What a great article. My list is:

Mr. Spock, for his logic.
Mark Twain for his humor and creativity.
W.C. Fields for his original humor and talent (juggler).
Charles Dickens, for his creativity and communications skills.
Benjamin Franklin.
Attila the Hun.

127 Jonathan Aluzas March 20, 2012 at 6:19 pm

Tough one, and I think it will change over time. Here are the men I know for sure would make the list:

Leonidas, King of Sparta (Courage and Leadership)
John Galt (Staying true to yourself)
Warren Buffett (Business Wisdom)
Obi-Wan Kenobi (Everything)

128 Taylor March 20, 2012 at 8:47 pm

My cousin had that question posed to her in an interview once. She replied, “Living, preferably.” She got the job (yeah, that one might take a minute to think about).

Mine:
Jesus
John Milton
Socrates
Teddy Roosevelt
C.S. Lewis

129 AG March 21, 2012 at 10:14 am

Great article. We as men really need to begin improving ourselves to become great and leave an amazing legacy. Much like each of our invisible counselors.

130 Kate March 21, 2012 at 12:12 pm

I keep a small notebook in the cargo pocket of my uniform with quotations from all my “invisible counselors:” G. K. Chesterton, C. S. Lewis, Patton, Churchill, Erwin Rommel (a great man even if he was on the wrong side), Aristotle, the apostle Paul, Teddy Roosevelt (of course!), and more. This is a great idea, and actually reminds me of patron saints – in a sense, one’s patron saints and guardian angel are one’s own cabinet of invisible counselors.

131 Ralmon March 21, 2012 at 1:13 pm

Interesting article.

I had a imaginary council, of sorts, for a long time but I did it accidentally. It started with the idea of “imaginary friends” inspired from many books. At one moment I started an idea of making a imaginary friend for myself. I made one and started having conversation with him, talking to him about almost everything and asking for his advice.

Here are my people I want to be in my list. Sorry they tend to be imaginary:

-Ralmon – My imaginary friend, a half dragon/human creature of integrity and honor. He loves adventure.
-The Story Teller – Another imaginary friend of mine. I represent him as an Indian-like old man by a bonfire. I had always loved stories and I always come to him to talk about them. He helps me gain lot of insights from the stories I read.
-Tanong – His name means ‘question’ in my local language. His a small child full of curiosity, who has a habit of asking questions about everything. I loved talking to him. I confront him with something I read or learned and he bombard me with questions and I love answering his questions.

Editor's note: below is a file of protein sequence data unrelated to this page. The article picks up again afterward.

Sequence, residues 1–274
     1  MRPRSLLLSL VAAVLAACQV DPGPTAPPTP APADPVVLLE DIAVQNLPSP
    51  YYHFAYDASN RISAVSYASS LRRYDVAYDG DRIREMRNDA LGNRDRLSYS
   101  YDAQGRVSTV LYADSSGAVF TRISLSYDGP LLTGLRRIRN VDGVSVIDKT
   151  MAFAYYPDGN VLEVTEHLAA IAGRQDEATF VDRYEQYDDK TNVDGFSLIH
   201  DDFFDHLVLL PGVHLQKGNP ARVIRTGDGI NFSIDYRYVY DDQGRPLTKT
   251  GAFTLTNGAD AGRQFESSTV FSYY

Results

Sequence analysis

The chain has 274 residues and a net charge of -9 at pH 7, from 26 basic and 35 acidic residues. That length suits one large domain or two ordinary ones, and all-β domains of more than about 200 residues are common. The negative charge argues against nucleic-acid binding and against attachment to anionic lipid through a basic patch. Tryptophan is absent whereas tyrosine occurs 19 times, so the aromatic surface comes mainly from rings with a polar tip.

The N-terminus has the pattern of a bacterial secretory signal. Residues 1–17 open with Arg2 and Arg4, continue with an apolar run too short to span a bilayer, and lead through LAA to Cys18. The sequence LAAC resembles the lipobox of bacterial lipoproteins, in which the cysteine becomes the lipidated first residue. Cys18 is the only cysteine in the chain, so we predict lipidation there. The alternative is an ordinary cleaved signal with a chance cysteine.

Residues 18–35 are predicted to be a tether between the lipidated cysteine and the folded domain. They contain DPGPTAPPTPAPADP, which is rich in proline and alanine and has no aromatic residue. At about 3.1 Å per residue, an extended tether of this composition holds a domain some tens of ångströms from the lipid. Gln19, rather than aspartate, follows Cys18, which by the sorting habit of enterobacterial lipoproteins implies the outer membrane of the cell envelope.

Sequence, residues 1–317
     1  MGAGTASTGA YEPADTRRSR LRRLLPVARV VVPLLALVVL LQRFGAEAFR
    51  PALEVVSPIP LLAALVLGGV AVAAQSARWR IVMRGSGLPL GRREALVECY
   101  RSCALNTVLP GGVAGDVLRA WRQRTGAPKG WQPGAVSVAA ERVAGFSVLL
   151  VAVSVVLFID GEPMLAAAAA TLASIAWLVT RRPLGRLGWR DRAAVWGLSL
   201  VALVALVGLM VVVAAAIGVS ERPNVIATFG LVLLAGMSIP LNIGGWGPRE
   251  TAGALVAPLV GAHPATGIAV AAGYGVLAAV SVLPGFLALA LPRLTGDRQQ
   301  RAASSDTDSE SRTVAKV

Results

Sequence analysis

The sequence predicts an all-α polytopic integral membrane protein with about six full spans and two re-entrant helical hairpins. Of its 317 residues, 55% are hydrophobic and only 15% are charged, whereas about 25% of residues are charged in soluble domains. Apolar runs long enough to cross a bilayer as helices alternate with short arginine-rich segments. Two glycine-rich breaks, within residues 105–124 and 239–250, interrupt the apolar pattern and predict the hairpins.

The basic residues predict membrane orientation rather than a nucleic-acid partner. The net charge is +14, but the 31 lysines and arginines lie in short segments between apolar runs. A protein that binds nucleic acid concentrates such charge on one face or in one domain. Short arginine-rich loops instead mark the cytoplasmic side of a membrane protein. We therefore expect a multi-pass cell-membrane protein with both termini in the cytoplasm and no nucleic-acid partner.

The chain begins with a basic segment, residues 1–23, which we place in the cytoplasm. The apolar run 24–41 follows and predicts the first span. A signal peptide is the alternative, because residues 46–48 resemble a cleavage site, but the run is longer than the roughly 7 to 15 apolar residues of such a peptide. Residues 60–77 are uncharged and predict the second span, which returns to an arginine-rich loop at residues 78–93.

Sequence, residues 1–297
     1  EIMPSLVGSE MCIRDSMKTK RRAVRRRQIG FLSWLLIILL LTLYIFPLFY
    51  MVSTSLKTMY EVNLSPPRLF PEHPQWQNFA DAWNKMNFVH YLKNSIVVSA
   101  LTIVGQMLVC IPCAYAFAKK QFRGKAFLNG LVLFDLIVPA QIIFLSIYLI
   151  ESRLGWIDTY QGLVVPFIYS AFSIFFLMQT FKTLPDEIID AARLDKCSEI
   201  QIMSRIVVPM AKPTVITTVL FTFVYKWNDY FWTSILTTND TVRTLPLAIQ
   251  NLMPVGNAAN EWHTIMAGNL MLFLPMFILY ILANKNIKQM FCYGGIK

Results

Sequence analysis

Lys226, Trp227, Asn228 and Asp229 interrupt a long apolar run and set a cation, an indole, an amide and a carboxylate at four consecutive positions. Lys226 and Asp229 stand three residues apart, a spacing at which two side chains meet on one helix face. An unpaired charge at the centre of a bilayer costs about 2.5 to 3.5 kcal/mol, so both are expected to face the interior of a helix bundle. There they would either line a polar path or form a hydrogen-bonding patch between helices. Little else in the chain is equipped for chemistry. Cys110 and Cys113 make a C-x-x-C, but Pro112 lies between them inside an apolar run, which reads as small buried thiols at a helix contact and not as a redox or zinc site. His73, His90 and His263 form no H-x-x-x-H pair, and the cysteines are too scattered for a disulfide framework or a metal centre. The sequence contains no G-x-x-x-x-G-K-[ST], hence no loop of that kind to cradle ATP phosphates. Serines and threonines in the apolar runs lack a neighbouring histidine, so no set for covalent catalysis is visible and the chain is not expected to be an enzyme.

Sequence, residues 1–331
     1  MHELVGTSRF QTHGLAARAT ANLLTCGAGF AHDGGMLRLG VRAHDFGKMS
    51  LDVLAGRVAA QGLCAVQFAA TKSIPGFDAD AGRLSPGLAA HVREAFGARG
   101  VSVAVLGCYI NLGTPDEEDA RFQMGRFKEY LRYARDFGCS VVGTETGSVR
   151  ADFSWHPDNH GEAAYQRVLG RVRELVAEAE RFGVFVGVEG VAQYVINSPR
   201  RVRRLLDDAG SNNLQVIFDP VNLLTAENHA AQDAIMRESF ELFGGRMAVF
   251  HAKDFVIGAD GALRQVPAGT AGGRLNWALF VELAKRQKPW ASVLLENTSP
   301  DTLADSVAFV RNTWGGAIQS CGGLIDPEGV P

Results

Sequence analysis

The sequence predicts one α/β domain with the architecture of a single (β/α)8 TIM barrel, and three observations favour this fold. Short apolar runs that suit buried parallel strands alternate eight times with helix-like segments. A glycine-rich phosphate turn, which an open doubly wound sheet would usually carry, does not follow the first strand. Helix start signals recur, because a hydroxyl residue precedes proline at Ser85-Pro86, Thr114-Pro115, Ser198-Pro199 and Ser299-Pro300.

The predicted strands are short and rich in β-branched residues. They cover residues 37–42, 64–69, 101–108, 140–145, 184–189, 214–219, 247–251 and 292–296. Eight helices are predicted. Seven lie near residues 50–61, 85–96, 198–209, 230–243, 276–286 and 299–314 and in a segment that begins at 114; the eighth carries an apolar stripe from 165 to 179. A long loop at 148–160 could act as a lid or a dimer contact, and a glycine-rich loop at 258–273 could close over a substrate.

-Black – A cat/man creature with pure black fur. He lives as a leader and protector of a tribe of catmen. I turn to him when I need advice about responsibility.
-James Eckert – The Dragon Knight from the Dragon Knight Series. He is a great friend and he has a very brilliant mind.
-Anne Shirley – Of Green Gables.
-Thomas Alva Edison

132 Richard March 22, 2012 at 9:41 pm

This is a really great article!

For starts:

Joseph Smith
Brigham Young
John Taylor
Porter Rockwell
Gen. George Patton
Elder Bruce McConkie

And others as I think about this more.

133 Cameron Miller March 25, 2012 at 10:08 pm

Oscar Wilde, Sherlock Holmes, Aristotle, Poseidon, and Tyler Durden.

134 R Allen March 27, 2012 at 6:00 pm

Interesting that the man who “started it all” is not on anyone’s list: Napoleon Hill!
And I add a clarifier. Consider the age or period of each person chosen. You would want Ronald Reagan before Alzheimer’s set in. Would you want Colonel Eisenhower, General Eisenhower of WWII, President of the US Eisenhower or President of Columbia University Eisenhower?

135 Phil March 28, 2012 at 12:06 am

Teddy Roosevelt
Abe Lincoln
Jedidiah Smith
Napoleon Bonapart
The Dalai Lama
Nelson Mandela
Leonidas
Socrates
C.S. Lewis

Fictional:
Gandalf
Obi Wan Kenobi
Indiana Jones

136 Shane March 28, 2012 at 4:43 pm

Christopher Hitchens – not afraid to make people angry in the name of truth and justice, and a tremendous rhetorician

Bertrand Russell – the smartest man whose books I’ve had the pleasure to parse, and, like Hitchens, not afraid of a fight

Benjamin Franklin – always knew how to put his time and his brain to good use

Thomas Jefferson – was a statesman without equal, and the human rights hipster; he fought for them before it was cool

Socrates – the original questioner of accepted truth, he encouraged people to doubt their most deeply cherished beliefs in the name of real truth: he could be the Christ figure of philosophers and rhetorical pugilists

137 Brian March 29, 2012 at 4:47 pm